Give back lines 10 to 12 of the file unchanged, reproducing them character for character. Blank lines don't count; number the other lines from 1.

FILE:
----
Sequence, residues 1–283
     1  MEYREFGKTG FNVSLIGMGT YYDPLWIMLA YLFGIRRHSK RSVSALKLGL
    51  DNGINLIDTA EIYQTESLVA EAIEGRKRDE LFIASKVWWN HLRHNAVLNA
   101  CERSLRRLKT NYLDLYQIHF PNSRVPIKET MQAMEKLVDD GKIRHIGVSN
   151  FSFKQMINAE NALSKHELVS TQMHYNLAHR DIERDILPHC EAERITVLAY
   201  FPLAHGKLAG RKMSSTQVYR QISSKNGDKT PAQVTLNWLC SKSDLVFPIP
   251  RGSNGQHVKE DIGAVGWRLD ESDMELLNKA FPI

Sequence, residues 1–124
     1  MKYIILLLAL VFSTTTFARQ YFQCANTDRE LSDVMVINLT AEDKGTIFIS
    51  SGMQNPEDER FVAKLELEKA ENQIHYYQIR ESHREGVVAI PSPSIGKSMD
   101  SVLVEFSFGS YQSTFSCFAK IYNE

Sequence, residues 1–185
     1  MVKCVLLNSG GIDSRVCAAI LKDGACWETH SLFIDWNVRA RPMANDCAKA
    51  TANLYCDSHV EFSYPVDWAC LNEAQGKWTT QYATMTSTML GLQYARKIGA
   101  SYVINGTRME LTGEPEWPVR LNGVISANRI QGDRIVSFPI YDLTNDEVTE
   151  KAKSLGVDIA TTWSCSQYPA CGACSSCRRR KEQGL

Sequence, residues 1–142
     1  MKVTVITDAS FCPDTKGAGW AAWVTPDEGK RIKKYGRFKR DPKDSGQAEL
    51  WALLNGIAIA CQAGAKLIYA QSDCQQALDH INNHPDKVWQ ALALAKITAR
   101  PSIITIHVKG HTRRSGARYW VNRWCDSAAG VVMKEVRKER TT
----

    51  SGMQNPEDER FVAKLELEKA ENQIHYYQIR ESHREGVVAI PSPSIGKSMD
   101  SVLVEFSFGS YQSTFSCFAK IYNE

Sequence, residues 1–185